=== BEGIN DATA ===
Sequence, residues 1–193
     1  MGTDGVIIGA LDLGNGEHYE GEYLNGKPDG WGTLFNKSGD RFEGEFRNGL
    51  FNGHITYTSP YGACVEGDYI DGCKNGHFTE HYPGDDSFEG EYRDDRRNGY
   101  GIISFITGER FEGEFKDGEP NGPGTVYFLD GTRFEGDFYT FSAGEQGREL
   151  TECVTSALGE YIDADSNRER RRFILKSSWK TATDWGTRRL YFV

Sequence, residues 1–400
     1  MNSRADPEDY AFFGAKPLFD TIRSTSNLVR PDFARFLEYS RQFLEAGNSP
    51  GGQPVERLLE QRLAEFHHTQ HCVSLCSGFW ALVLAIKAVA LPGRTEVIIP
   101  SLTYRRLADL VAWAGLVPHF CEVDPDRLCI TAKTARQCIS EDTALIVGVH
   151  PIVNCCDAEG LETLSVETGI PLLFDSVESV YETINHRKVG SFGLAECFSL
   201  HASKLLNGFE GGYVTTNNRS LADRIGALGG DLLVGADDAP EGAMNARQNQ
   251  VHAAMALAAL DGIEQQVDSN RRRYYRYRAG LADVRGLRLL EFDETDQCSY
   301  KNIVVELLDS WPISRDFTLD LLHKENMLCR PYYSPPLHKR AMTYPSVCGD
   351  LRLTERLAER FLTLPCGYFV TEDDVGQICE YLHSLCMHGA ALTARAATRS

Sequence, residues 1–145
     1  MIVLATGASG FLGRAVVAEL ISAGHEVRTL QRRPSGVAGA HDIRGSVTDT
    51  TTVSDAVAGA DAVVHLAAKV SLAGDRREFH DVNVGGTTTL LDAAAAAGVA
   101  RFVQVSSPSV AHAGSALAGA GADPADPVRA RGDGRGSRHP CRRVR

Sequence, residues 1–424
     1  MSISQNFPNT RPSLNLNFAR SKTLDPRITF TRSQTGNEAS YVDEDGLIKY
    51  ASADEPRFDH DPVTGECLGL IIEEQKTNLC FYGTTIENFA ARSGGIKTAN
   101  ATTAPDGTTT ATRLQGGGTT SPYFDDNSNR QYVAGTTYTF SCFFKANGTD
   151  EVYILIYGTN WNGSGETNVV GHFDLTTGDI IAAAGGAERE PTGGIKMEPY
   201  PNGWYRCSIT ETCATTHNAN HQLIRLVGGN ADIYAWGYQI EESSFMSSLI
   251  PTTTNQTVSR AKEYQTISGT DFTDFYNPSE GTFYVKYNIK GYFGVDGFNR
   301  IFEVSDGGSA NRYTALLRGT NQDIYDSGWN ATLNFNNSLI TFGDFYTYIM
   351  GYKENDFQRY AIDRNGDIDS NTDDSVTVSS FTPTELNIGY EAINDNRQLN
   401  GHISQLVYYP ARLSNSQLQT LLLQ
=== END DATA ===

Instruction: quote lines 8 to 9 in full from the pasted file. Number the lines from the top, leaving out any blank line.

    51  GGQPVERLLE QRLAEFHHTQ HCVSLCSGFW ALVLAIKAVA LPGRTEVIIP
   101  SLTYRRLADL VAWAGLVPHF CEVDPDRLCI TAKTARQCIS EDTALIVGVH